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(Lat.): From the stars
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Everyone loves a good wedding, don't they? The men in freshly pressed suits, women in floppy
hats that would make great kites, batty old aunts passing around the baby photos like there's no tomorrow. Kids in mini-tuxedos
and cute little silk dresses running up and down the aisles of the church, generally creating havoc. The best man combining
rehearsing the speech with consoling the groom in one of the back rooms, trying to persuade him that his bride-to-be is only
running a little late, and hasn't in fact had a change of heart and run off with the photographer, milkman or other miscellaneous
man that she has ever even looked briefly at.
That would be me, by the way. The best man, not the groom. And I don't need to worry about
the speech. I have two versions, both memorised perfectly. The first, which I have written down and is full of embarrassing
memories, jokes and innuendo, which everyone expects. And the second, which I can never say because it will ruin everything.
And right now my friend is pacing up and down the room, nervous as anything and I can't help
but smile as I watch him. To look at him now, you'd think the fate of the whole galaxy was resting on those shoulders of his,
when all he's doing is getting married to the woman of his dreams. And I'm the one he's asked to bear the responsibility of
poking fun at him at the reception afterwards, I'm the one he nagged for weeks before I finally agreed to come and do this
But there you have it. I shouldn't have come here. I shouldn't be here now, listening to
this man's lame jokes and calm questioning of proceedings outside. Despite everything, I came here, to be here for him. I
didn't try to build up my defences before I arrived, because looking at him now... it wouldn't have made a difference. Whether
I crash from a great distance or a shorter one, it still hurts like hell on the way down.
I always thought he was gorgeous, right from the first time I laid eyes on him, but I never
let my hopes get any higher than my ankles for both emotional and... physical reasons. Six months later we nearly died in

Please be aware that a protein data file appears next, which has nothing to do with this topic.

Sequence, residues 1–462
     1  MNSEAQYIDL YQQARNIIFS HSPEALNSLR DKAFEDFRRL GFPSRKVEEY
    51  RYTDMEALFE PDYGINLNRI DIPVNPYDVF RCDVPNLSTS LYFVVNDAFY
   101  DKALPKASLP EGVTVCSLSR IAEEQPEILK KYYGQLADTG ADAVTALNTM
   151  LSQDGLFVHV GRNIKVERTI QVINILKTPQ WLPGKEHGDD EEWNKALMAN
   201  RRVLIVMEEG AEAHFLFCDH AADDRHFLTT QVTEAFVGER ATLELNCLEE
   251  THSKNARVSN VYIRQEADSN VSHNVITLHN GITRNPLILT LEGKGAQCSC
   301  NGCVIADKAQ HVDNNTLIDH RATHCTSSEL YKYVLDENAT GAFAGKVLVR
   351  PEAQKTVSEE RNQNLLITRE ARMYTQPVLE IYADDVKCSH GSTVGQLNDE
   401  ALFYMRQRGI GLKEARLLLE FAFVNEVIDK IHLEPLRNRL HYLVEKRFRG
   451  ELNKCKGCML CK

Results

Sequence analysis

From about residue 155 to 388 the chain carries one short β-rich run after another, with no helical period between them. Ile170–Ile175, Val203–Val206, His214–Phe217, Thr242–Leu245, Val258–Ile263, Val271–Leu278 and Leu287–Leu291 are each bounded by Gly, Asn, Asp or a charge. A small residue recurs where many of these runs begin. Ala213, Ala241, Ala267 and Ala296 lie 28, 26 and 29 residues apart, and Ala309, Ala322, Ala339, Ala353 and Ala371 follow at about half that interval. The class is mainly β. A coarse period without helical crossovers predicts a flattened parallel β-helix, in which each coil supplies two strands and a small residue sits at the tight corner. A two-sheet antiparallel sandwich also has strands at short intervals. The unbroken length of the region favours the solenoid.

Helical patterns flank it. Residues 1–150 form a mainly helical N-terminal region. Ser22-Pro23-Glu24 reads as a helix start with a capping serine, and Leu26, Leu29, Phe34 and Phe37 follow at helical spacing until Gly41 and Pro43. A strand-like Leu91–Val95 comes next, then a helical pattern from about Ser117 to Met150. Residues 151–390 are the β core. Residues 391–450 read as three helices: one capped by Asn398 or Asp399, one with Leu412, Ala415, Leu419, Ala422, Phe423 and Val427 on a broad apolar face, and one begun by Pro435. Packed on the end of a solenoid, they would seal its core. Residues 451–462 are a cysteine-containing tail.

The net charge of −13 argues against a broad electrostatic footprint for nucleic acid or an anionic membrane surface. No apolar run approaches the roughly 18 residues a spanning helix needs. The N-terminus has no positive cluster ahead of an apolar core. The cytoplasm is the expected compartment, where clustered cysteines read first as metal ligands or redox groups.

that shuttlepod together, and conversation drifted around to previous relationships. Between us we had three relationships
and a string of failed women, with not one mention from him of any men but then again no implication that there were never
any. And my hopes started climbing again.
I guess it all came to a head about four years into the mission. Another shuttlepod mission,
another near-certain outcome of death. And to my surprise, he was the one who initiated the whole thing. He was the one who
stated so calmly that he'd be damned if he wasn't going to go without a bang. Took a few moments to realise he meant it literally,
and by then it was too late.
One night of passionate, unadulterated... amazing sex. One night for me to fall completely
in love with him.
And one night for him to break my heart into microscopic shards of what they used to be.
Clichés down the pan, I honestly thought I'd die when, back on Enterprise, he cornered me one night and made some lame joke
about it being one-off and didn't we both prefer women anyway?
In some ways I knew that that was inevitable, that something like this wasn't ever meant
to happen to me. And in some ways I started to hate myself, for what I clearly wasn't, and for what I could - or should have
And nothing changed. Nothing on the outside, that is. As far as everyone else was concerned,
we were still 'bestest buddies', we still had drinking competitions with the helm shift ensigns, we still conspired to control
what the movie of the week was going to be, whether we actually succeeded or not.
Life went on.
And then he met someone else. Someone who completely swept him off his feet. Someone who,
like me, had spent so much time among the stars with him. Like me, someone he knew and trusted. Unlike me, someone he fell
in love with in return.
And that's where the story ends. Because I'm here, and he's here, and in the end, nothing
Life goes on.
There are noises of appreciation, and the unmistakable sounds of women oohing and aahing
coming from outside the little room where the both of us are still waiting, and one quick poking of the head outside reveals
everything I never wanted to know.
My friend's bride is coming up the aisle, holding onto her father's arm. Don't get me wrong,
I mean... she's a beautiful woman, both on the inside and on the outside, but as the pair of us come out of the cathedral's
tiny side-vestibule and take our places at the front, in front of the people watching with misty eyes and many a tissue within
easy reach, I can't help but hate her.
Because, you see, I loved Malcolm first.